The Partition of Africa: Illusion or Necessity?

The Partition of Africa: Illusion or Necessity?

The Partition of Africa: Illusion or Necessity?

The Partition of Africa: Illusion or Necessity?

Excerpt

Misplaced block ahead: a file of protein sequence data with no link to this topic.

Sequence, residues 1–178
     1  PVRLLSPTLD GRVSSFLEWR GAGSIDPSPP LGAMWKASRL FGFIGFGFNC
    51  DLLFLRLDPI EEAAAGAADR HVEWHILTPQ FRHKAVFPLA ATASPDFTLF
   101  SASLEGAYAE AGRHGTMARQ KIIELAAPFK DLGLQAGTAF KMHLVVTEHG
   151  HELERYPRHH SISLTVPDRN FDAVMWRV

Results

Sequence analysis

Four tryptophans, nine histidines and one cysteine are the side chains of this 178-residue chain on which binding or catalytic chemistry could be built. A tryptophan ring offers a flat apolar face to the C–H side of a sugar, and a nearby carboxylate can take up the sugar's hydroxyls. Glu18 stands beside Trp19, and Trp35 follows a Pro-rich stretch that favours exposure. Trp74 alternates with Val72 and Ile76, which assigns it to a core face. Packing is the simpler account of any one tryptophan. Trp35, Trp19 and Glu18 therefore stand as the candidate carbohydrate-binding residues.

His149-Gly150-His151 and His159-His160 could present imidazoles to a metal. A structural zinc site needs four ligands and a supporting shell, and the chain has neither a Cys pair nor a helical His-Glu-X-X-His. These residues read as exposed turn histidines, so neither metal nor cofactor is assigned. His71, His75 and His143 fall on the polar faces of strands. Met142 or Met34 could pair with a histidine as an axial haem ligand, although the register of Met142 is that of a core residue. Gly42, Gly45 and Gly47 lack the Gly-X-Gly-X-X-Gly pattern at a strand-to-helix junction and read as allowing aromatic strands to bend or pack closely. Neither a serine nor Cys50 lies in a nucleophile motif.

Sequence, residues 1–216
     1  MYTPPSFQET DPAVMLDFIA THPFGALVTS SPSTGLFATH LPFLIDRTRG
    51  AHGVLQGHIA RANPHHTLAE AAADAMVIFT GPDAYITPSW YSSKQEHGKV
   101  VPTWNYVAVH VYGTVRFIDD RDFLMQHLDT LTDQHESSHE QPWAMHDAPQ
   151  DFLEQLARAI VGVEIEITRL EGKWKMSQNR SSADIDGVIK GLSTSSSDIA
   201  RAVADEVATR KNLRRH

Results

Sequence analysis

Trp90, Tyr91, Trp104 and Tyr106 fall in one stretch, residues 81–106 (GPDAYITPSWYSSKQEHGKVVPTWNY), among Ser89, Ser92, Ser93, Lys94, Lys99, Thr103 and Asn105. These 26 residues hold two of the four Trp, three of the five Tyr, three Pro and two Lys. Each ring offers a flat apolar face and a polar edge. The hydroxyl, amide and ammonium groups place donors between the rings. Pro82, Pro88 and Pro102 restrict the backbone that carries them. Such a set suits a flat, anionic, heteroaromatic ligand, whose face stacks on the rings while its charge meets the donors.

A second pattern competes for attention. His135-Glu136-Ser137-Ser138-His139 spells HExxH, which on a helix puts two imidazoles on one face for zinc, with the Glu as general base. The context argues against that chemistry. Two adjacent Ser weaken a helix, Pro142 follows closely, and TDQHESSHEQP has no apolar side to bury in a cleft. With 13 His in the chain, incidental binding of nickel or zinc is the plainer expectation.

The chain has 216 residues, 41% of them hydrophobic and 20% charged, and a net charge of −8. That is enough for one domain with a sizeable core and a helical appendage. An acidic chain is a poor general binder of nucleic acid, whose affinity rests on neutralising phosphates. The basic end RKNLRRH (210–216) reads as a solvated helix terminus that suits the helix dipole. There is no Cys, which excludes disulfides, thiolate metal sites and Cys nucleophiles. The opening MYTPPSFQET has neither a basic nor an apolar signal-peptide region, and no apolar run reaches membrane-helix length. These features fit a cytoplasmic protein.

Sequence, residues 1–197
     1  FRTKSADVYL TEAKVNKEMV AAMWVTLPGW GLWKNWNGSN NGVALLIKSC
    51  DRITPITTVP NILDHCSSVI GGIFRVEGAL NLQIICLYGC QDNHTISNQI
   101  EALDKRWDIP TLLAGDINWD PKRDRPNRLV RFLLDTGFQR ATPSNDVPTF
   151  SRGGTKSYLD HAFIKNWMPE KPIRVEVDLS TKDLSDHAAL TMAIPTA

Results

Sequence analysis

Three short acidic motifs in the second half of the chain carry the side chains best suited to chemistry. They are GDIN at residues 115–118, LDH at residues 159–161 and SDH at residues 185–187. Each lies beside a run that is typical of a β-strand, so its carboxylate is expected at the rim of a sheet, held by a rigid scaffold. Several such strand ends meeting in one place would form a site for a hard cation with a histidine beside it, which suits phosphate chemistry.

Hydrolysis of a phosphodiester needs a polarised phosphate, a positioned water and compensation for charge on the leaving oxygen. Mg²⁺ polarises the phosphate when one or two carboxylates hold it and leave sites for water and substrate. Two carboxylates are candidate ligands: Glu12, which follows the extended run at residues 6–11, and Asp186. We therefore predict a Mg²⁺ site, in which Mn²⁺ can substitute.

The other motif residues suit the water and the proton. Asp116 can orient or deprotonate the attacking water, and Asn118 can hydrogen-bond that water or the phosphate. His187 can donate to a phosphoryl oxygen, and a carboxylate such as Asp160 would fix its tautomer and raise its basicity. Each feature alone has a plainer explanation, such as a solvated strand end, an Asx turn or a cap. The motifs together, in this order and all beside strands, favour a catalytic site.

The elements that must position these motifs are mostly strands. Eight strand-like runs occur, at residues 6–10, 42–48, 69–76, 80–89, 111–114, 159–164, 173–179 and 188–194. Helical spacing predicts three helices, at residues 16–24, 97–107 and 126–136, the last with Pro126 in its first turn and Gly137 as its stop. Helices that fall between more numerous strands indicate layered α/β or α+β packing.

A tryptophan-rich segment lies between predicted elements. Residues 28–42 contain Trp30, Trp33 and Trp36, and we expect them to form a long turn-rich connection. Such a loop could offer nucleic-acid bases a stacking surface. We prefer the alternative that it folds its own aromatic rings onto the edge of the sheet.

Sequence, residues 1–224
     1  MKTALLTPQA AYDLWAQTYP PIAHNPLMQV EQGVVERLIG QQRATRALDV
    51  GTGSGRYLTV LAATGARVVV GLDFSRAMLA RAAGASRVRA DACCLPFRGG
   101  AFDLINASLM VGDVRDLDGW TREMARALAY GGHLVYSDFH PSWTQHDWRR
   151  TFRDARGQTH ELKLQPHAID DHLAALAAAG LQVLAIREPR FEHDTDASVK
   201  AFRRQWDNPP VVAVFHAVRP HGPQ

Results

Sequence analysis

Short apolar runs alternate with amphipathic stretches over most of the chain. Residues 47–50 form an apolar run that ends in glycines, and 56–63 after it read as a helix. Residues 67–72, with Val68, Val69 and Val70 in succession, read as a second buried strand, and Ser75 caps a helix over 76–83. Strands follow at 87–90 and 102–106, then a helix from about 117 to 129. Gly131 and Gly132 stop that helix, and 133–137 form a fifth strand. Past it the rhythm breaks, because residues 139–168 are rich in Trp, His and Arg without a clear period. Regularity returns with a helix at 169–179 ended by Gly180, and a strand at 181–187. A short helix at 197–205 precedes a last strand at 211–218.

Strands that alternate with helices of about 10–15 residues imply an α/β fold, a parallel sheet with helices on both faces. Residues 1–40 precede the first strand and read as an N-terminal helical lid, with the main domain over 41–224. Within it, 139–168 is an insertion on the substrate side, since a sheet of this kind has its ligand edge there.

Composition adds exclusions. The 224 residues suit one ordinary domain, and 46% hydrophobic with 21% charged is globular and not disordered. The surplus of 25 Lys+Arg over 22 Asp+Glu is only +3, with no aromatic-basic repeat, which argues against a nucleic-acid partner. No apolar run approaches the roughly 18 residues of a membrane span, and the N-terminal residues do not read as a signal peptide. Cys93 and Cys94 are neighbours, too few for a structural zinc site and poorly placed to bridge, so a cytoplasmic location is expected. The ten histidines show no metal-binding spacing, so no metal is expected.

During their four centuries of contact with Africa, the European powers had been content to restrict their holdings to a handful of scattered trading stations along the coast, the control of which passed from one state to another as its strength in Europe waxed or waned. Finally, in the nineteenth century European explorers penetrated into the interior and opened the enormous hinterland of Africa; yet no European government rushed to follow in their footsteps. Stimulated by the fires of evangelism and the humanitarianism produced by the crusade against the slave trade, missionaries began to work out from the coastal enclaves, but they never regarded themselves as agents of the home governments. In fact, until the European acquisition of Africa the missionaries argued that, with proper training, the Africans themselves were the best equipped to carry Christianity among the peoples of the continent. Even the commercial interests were reluctant to see the extension of European control. All along the coast, but particularly in West Africa, an equilibrium existed between European traders and African middlemen. The more astute merchants on both sides realized that they would not necessarily gain by the intervention, occupation, and rule by any single European power. The others traded freely in practice, as well as spirit, satisfied to derive reasonable gain for the many rather than monopolistic profits for the few. Thus, on the threshold of the partition of Africa a balance of influence existed among the Europeans themselves, on the one hand, just as an equilibrium was maintained, except in South Africa, between the European and African societies on the other. To be sure, the presence of missionaries, merchants, explorers, and soldiers had cleared the way for the expansion of Europe in Africa, but nothing in history is inevitable until it occurs. Yet within less than twenty years, the continent was conquered and divided amidst rising national feeling . . .

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